More than half of the Commonwealth's 486 COVID-19 outbreaks originated in long-term care facilities, such as skilled nursing and assisted living facilities, and nearly 96 percent of all deaths from COVID outbreaks have occurred in long-term care centers since the pandemic began.
"To date, there have been  long-term case facility outbreaks in Virginia," said Dr. Laurie Forlano, deputy commissioner for population health and director at the Virginia Department of Health's Office of Epidemiology. "Long-term care centers represent over 40 percent of all [coronavirus] deaths in Virginia."
Other sources suggest long-term care centers could account for more than 60 percent of COVID deaths statewide.
A staggering 1,135 COVID deaths have come from long-term care facilities, according to the Virginia Department of Health (VDH). This is compared to just 50 total deaths from all other outbreaks, including those originating in social congregations, correctional facilities, healthcare settings and education settings.
"With a pandemic such as this, the info, science and data changes incredibly rapidly," Forlano said. "It's very normal for guidance to change and evolve over time as we learn more."
The VDH published its first guide to nursing home reopening mid-June.
"Prior, we had published a lengthier guidance document that goes into more detail about infection detection and control," Forlano said. "The reopening guide includes information about testing and recommendations about repeat testing. They are largely informed by the CDC and centers for Medicare and Medicaid services."
The public has expressed concerns about numbers that "don't add up" when it comes to the COVID-19 pandemic, especially when it comes to the number of cases reported at the state level. The reason for this, Forlano explains, is that the state health department uses two databases to track epidemiological numbers. The Virginia Electronic Disease Surveillance System operates on an individual basis, case-by-case. The Virginia Outbreak Surveillance System tracks outbreak data.
"VDH pulls from both databases," Forlano said. "We use an algorithm, because the numbers aren't always matching – it's a little complicated. We always take the higher number."
From the Coronavirus Aid, Relief and Economic Security (CARES) Act, over $246 million will go toward long-term care in Virginia.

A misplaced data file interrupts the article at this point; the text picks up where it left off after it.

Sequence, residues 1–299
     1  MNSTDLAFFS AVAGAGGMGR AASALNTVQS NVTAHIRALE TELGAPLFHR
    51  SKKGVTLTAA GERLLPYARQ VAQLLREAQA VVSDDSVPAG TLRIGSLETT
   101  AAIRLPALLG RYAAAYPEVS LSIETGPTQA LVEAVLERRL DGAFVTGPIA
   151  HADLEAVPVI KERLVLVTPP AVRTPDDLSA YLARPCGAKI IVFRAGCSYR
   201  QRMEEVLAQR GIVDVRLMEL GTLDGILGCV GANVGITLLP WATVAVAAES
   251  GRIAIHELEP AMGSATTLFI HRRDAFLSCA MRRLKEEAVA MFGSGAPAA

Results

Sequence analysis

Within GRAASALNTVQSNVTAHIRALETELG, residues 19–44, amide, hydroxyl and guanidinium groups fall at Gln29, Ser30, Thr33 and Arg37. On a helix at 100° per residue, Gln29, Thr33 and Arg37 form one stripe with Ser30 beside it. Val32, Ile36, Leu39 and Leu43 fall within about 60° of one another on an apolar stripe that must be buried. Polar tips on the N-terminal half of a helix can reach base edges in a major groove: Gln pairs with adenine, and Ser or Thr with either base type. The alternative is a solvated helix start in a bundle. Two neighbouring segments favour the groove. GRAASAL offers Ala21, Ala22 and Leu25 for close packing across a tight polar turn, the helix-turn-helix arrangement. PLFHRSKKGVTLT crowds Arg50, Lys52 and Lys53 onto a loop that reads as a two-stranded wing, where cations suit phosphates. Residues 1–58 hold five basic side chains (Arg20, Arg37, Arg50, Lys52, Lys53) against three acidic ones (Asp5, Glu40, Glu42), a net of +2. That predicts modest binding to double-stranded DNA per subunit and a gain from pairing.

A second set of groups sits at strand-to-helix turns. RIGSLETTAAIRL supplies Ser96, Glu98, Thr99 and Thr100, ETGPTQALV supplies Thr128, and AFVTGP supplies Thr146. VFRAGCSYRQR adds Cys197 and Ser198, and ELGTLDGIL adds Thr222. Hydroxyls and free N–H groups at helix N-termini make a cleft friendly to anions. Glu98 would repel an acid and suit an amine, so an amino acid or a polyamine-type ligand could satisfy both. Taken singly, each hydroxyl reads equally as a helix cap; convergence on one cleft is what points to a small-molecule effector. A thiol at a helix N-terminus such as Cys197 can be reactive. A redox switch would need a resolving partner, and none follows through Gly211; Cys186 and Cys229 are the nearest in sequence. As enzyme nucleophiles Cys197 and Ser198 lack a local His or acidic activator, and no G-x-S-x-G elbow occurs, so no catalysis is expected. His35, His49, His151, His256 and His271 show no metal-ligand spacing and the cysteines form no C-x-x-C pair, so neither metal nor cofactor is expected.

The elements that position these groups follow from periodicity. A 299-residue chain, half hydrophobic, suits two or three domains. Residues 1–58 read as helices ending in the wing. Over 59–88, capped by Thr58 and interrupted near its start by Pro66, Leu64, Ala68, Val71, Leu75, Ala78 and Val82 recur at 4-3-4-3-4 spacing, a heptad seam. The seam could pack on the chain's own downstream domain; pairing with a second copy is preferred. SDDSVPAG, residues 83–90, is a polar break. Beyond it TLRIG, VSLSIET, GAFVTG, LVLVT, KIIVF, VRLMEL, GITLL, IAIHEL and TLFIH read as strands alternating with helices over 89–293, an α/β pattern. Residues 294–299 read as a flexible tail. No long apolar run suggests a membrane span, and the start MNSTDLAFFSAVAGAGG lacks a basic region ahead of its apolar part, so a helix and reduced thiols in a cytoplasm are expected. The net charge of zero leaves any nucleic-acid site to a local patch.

"A new funding package will support facilities in their efforts to combat COVID-19," Forlano said. "The money goes towards testing, supplies and point prevalence surveys. Most goes to nursing homes, and $56 million goes to continued testing support."
The Virginia Department of Medical Assistance Services (DMAS) will administer the funds.
Last month, Gov. Ralph Northam released the names of the long-term care centers with COVID-19 outbreaks, after maintaining for several months that state law grants these facilities the same health privacy rights as individuals.
"Due to the widespread nature of this pandemic, it is now unlikely that releasing facility information would compromise anonymity or discourage facilities from participating in a public health investigation," Northam said.
Release of this information is what allowed the VDH and DMAS to target certain homes for additional funding, testing and surveying, Forlano said.
Another goal of the VDH is to increase test availability to asymptomatic residents of long-term care facilities, said Dr. Danny Avula, Director of Richmond City and Henrico County Health Districts.
"This is a disease that spreads at high rates in an elderly, vulnerable population," Avula said during a June press conference. "What we're seeing in congregate care facilities is that asymptomatic spread is an even more significant part of transmission than we realized."
In the meantime, COVID rates in Virginia's long-term care centers will continue to rise until they receive the money and testing capacity they need. Forlano says keeping staffing numbers up is also an issue at this time.